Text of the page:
FDIC Chair Martin Gruenberg to resign after damning workplace harassment probe

  • May 21, 2024
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Federal Deposit Insurance Corporation Chairman Martin Gruenberg announced Monday that he will resign, after a recent probe found a widespread culture of sexual harassment and discrimination at the independent agency.

“In light of recent events, I am prepared to step down from my responsibilities once a successor is confirmed,” Gruenberg said in a statement. “Until that time, I will continue to fulfill my responsibilities as Chairman of the FDIC, including the transformation of the FDIC’s workplace culture.”

Sen. Sherrod Brown, D-Ohio, on Monday called on President Joe Biden to replace Federal Deposit Insurance Corporation Chairman Martin Gruenberg after allegations of widespread sexual harassment and misconduct within the agency.

There “must be fundamental changes at the FDIC,” Brown, who chairs the Senate Committee on Banking, Housing, and Urban Affairs, said in a statement. “Those changes begin with new leadership, who must fix the agency’s toxic culture and put the women and men who work there — and their mission — first.”

“That’s why I’m calling on the President to immediately nominate a new Chair who can lead the FDIC at this challenging time and for the Senate to act on that nomination without delay,” Brown continued.

With his statement, Brown broke from fellow Democrats, who have largely condemned the allegations but refrained from pushing for Gruenberg’s resignation, instead calling for him to drive changes at the agency. Brown’s statement could signal the beginning of the end for the FDIC’s top regulator, who was nominated for the position in 2022 by Biden.

Law firm Cleary Gottlieb in April released a scathing report detailing an alleged culture of “sexual harassment, discrimination, and other interpersonal misconduct” at the FDIC.

The 174-page report, which drew from accounts of more than 500 people, also included, in part, allegations of Gruenberg’s short temper, accusing him of engaging in bullying and verbal abuse. Employees described the chairman as “aggressive” and “harsh,” according to the report. In one instance, Gruenberg allegedly screamed profanities at employees after they delivered bad news, the report said.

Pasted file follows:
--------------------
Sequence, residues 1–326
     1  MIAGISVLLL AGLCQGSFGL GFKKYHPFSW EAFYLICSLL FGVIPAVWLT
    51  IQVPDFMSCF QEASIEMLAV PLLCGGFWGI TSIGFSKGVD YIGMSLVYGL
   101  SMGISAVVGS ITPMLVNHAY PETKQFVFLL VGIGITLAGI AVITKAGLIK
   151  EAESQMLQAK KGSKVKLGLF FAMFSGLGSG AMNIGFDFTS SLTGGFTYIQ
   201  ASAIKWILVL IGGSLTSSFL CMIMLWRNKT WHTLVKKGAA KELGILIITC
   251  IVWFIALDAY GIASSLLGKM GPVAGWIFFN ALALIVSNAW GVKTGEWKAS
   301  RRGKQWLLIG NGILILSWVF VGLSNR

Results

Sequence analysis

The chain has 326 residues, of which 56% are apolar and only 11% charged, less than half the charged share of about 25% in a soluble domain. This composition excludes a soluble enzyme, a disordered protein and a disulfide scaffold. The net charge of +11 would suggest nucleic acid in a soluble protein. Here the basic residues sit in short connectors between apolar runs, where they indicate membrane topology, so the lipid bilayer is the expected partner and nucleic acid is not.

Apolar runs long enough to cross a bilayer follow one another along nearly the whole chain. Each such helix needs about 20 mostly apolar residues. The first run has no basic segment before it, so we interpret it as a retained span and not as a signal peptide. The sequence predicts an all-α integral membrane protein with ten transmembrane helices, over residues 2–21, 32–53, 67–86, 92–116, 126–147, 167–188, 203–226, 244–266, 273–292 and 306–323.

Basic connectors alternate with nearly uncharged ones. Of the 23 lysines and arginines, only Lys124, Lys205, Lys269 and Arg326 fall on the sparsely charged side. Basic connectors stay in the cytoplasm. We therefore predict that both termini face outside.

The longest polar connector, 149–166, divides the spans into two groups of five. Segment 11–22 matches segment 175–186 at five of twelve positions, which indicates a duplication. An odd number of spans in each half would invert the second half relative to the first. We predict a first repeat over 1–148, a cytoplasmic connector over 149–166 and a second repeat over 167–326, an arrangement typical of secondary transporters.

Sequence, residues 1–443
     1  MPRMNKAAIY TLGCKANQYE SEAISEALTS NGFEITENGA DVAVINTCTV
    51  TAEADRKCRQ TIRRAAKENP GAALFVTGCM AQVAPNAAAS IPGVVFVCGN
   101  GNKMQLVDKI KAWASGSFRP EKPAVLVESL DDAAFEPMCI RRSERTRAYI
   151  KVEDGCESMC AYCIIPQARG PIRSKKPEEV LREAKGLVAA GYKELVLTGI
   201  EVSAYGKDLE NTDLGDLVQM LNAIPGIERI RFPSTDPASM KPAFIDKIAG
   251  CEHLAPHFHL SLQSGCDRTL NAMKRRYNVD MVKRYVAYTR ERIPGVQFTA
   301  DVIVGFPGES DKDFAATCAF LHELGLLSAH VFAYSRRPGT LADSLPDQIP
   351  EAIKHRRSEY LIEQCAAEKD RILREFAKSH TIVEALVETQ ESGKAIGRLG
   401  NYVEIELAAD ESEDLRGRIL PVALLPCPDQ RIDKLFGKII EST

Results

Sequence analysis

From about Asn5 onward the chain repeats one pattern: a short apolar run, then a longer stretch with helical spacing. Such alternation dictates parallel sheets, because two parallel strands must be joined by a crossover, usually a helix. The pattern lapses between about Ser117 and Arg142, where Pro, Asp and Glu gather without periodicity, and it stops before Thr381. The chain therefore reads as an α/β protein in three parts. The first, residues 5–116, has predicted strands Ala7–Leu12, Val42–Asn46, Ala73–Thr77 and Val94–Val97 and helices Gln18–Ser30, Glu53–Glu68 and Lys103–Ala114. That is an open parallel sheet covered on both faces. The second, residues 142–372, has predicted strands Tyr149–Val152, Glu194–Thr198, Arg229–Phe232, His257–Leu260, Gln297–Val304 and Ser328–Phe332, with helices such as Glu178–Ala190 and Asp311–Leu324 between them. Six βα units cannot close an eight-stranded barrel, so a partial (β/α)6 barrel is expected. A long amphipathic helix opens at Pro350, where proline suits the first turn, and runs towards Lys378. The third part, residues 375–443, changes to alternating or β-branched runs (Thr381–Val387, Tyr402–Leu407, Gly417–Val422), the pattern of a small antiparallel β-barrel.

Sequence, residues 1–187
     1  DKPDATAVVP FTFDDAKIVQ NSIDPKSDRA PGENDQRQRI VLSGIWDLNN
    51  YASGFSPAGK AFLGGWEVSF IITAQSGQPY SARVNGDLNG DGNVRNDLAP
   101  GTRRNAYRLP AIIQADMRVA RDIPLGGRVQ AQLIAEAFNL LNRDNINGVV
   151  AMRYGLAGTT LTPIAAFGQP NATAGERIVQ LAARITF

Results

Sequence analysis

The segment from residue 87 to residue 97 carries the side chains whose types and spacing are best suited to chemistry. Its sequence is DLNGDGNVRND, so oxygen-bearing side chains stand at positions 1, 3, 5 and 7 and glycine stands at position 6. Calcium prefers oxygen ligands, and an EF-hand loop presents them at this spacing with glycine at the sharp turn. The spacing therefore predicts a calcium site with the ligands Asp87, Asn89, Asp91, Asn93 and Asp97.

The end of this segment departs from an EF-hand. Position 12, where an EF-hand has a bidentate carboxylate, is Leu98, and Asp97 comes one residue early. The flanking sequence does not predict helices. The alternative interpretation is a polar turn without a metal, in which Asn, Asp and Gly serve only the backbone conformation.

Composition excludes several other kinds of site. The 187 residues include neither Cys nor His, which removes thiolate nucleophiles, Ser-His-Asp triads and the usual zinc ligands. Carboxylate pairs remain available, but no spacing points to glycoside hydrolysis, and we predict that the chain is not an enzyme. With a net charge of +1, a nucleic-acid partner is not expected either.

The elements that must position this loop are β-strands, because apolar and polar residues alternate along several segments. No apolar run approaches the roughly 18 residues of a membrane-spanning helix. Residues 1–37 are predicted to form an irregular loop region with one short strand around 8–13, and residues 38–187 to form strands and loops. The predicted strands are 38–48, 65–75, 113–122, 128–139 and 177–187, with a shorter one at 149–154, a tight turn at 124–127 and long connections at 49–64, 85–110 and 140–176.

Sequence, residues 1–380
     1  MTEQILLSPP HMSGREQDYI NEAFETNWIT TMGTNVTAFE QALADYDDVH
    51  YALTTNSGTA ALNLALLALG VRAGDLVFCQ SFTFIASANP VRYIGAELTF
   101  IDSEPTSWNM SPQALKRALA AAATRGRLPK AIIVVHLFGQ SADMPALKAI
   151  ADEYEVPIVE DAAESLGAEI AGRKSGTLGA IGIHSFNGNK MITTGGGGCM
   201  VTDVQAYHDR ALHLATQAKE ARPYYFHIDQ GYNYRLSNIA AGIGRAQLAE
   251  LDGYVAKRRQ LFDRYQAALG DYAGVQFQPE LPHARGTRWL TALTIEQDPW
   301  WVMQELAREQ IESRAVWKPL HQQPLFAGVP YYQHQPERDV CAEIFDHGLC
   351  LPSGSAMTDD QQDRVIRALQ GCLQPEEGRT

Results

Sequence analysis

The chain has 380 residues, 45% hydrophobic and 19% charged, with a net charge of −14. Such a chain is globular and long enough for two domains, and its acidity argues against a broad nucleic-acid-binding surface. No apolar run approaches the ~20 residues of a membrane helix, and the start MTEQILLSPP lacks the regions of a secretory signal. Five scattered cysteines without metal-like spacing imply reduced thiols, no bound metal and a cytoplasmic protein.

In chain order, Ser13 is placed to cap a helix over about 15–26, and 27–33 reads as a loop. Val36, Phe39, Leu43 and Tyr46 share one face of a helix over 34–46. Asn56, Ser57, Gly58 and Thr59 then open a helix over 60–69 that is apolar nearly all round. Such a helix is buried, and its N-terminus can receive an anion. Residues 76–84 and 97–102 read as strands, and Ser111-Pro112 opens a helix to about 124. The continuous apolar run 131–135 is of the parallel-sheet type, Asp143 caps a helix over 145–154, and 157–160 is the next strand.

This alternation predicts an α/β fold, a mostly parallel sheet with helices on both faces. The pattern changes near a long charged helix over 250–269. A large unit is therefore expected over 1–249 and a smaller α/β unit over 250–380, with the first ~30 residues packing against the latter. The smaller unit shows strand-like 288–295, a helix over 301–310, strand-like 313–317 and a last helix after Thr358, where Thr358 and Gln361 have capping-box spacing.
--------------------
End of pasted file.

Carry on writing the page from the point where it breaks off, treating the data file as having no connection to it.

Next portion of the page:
“For far too many employees and for far too long, the FDIC has failed to provide a workplace safe from sexual harassment, discrimination, and other interpersonal misconduct,” the report said.

Investigators said that while Gruenberg’s alleged behavior is not the “root cause” of misconduct at the FDIC, “we do recognize that, as a number of FDIC employees put it in talking about Chairman Gruenberg, culture ‘starts at the top.’”

The investigators added in the report that “Gruenberg’s reputation raises questions about the credibility of the leadership’s response to the crisis and the ‘moral authority’ to lead a cultural transformation.”

When reached by CNBC, the FDIC declined to comment on Brown’s call for Biden to replace Gruenberg.

Brown did not call on Gruenberg to resign.

Gruenberg on May 15 testified before the House Financial Services Committee, where he apologized for the misconduct at the agency and pledged to implement the report’s recommendations.

Republicans have been quick to call for Gruenberg’s removal following the report’s release, while Democrats have until now been more restrained in their criticism of the chairman, who is also a Democrat.

If Gruenberg were to leave the agency before a replacement is confirmed, it would leave the FDIC’s Board of Directors politically deadlocked with two Democrats and two Republicans, jeopardizing the Biden administration’s financial reform agenda.

According to the FDIC’s bylaws, Vice Chairman Travis Hill, a Republican, would assume the chairman’s responsibilities if the position became vacant.

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